Olympic National Park’s ‘Perspectives’ series continues with ‘rare plants’ search on Tuesday

Craig Romano, an award-winning guidebook author, will present a slideshow hiking tour around the Olympic Peninsula, Grays Harbor and the Long Beach Peninsula at the Olympic National Park Perspectives Winter Speaker Series event on March 19. (North Olympic Library System)

Craig Romano, an award-winning guidebook author, will present a slideshow hiking tour around the Olympic Peninsula, Grays Harbor and the Long Beach Peninsula at the Olympic National Park Perspectives Winter Speaker Series event on March 19. (North Olympic Library System)

PORT ANGELES — Patrick Loafman, a biological technician with Olympic National Park, will lead attendees of the next Olympic National Park’s Perspectives Winter Speaker Series on a search for rare plants.

The second of the four-part series is set for 7 p.m. Tuesday at the Port Angeles Library, 2210 S. Peabody St., and will also be hosted on Zoom.

Loafman will detail his hikes to mountaintops, sloshes through bogs and kayaks in lakes on a quest to find the rarest of plants in the Olympics.

The presentation will be full of close-up pictures of plants, including many not seen before, organizers said.

The series, which kicked off Jan. 9 with “The History of Skiing in Olympic National Park,” is held in person and on Zoom once a month from January through April. The presentations are hosted by the North Olympic Library System at the Port Angeles Library.

No registration is needed. The livestream can be joined using the link at NOLS.org/ONP or people can attend in person.

The series is made possible through the work of Olympic National Park, the North Olympic Library System, Discover Your Northwest and the Friends of Olympic National Park.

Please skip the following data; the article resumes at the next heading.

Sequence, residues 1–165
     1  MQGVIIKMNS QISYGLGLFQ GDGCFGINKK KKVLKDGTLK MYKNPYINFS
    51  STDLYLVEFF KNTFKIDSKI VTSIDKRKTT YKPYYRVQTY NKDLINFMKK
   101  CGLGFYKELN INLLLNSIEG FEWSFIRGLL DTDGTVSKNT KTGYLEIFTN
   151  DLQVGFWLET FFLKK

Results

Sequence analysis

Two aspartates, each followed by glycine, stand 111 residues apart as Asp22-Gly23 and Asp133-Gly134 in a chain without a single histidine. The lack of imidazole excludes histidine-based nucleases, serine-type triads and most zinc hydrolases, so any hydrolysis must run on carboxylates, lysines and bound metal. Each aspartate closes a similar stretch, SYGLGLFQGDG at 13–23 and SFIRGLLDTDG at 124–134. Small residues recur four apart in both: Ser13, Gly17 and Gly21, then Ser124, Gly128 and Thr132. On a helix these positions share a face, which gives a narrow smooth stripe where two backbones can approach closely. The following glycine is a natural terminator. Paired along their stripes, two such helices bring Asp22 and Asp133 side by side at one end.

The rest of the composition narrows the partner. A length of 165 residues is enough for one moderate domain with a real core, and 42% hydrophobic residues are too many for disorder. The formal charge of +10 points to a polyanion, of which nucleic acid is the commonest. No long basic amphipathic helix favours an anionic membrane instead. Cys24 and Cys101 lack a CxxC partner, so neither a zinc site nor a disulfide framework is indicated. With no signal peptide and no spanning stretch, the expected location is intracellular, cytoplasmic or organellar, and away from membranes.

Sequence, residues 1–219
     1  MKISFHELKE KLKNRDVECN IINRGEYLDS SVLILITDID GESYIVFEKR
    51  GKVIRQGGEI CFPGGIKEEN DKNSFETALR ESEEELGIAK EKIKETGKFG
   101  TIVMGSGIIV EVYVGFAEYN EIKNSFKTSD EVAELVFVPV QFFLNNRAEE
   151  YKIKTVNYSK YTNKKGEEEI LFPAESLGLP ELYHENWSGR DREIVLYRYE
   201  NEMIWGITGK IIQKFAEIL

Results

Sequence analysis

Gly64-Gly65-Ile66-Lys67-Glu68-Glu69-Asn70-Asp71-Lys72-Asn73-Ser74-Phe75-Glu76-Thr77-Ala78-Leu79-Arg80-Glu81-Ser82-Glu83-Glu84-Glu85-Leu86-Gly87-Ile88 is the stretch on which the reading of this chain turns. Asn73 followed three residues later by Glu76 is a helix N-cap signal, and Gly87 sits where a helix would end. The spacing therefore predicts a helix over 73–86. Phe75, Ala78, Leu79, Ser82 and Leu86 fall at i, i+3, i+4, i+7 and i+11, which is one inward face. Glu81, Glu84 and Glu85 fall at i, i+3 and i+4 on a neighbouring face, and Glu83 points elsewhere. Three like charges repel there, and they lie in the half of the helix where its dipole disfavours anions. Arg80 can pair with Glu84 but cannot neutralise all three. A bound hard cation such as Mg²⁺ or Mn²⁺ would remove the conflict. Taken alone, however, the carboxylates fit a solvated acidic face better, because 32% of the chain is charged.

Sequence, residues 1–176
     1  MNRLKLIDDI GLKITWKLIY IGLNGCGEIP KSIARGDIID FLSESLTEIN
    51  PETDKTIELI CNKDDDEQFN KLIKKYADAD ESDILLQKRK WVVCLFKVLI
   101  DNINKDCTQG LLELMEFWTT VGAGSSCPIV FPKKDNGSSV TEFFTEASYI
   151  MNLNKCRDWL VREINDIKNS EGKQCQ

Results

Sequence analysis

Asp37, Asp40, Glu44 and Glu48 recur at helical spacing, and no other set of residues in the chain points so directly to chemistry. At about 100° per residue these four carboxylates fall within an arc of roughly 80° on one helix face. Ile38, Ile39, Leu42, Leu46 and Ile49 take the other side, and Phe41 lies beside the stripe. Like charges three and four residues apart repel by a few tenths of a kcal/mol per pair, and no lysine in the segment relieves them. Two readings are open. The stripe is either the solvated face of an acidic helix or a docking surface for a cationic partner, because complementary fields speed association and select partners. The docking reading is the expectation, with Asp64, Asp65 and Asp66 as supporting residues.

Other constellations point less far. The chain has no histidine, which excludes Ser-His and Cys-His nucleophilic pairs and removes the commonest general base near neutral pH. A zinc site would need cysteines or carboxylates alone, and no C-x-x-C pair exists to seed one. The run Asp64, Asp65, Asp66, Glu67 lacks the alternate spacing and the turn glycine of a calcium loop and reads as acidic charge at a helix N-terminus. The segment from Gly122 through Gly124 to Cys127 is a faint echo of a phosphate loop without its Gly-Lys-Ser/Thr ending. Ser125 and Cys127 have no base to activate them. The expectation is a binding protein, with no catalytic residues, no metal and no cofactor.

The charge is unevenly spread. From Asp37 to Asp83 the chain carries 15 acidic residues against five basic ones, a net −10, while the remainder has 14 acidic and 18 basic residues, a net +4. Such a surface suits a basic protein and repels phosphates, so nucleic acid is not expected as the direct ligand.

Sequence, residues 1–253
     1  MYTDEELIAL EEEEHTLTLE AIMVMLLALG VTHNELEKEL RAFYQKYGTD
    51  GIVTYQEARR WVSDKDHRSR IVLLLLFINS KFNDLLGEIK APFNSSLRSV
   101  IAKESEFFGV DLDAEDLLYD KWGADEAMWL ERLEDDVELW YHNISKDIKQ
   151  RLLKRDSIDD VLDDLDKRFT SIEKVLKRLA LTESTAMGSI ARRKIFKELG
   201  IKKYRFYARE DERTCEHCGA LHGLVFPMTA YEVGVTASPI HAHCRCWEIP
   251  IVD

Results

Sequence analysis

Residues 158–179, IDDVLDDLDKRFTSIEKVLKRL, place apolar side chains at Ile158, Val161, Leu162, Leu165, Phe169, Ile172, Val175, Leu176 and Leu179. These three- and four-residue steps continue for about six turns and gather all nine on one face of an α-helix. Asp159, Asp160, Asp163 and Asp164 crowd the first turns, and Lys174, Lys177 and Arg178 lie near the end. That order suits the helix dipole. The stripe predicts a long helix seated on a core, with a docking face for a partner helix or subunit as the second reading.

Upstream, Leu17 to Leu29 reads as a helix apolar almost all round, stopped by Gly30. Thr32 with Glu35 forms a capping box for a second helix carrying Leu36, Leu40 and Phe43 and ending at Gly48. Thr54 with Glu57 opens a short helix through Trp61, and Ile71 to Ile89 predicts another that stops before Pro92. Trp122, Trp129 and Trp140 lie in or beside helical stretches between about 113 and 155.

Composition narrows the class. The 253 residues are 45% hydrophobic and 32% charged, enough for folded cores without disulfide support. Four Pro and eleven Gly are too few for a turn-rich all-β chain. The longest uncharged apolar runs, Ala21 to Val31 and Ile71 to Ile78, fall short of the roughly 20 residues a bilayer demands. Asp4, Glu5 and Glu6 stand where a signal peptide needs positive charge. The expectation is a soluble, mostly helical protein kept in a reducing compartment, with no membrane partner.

Coming up

The remaining 2024 schedule includes:

• March 19 — Olympic Hiking Trails and Tales

Award-winning guidebook author Craig Romano will offer a slideshow hiking tour around the Olympic Peninsula, Grays Harbor and the Long Beach Peninsula.

Drawing from his bestselling “Day Hiking Olympic Peninsula Second Edition,” Romano will introduce the audience to a diverse array of trails on the Olympic Peninsula.

He hiked more than 2,000 miles researching the book, from easy nature trails to wilderness romps.

The revised volume contains 136 hikes, including many found in no other guidebooks. Many of the hikes from the previous edition have been greatly expanded, providing for even more hiking opportunities.

Romano has penned more than two dozen books covering the region. His “Columbia Highlands: Exploring Washington’s Last Frontier,” was recognized in 2010 by Washington Secretary of State Sam Reed and State Librarian Jan Walsh as a Washington Reads book for its contribution to Washington’s cultural heritage.

Romano has hiked more than 33,000 miles in Washington state alone and is an avid ultra runner, recently completing the challenging Cuyamaca 100K Adventure Run.

• April 9 — Bat Research on the Olympic Peninsula

Bats are a key part of the Pacific Northwest ecosystems, yet relatively little is known about how they use forest, mountain and coastal habitats.

Bats also are under threat due to the spread of a fungal pathogen called white-nose syndrome and are challenging to study because they are small, nocturnal and cryptic.

In this talk, Rebecca McCaffrey, a research biologist with U.S. Geological Survey Forest and Rangeland Ecosystem Science Center, will discuss efforts to overcome these challenges in the Pacific Northwest and present results from studies conducted in and around Olympic National Park.

For more information about Olympic National Park, visit nps.gov/olym.

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